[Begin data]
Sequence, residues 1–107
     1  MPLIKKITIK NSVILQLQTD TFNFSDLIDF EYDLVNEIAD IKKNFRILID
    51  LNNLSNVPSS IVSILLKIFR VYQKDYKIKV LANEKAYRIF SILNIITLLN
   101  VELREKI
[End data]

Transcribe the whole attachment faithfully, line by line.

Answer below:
Sequence, residues 1–107
     1  MPLIKKITIK NSVILQLQTD TFNFSDLIDF EYDLVNEIAD IKKNFRILID
    51  LNNLSNVPSS IVSILLKIFR VYQKDYKIKV LANEKAYRIF SILNIITLLN
   101  VELREKI